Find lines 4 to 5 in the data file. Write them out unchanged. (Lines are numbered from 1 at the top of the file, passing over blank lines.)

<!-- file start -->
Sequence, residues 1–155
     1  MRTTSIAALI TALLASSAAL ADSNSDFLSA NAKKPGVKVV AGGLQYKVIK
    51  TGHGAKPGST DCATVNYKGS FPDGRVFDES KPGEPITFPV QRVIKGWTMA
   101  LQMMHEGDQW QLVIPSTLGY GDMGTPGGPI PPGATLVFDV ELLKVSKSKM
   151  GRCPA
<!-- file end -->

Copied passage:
   101  LQMMHEGDQW QLVIPSTLGY GDMGTPGGPI PPGATLVFDV ELLKVSKSKM
   151  GRCPA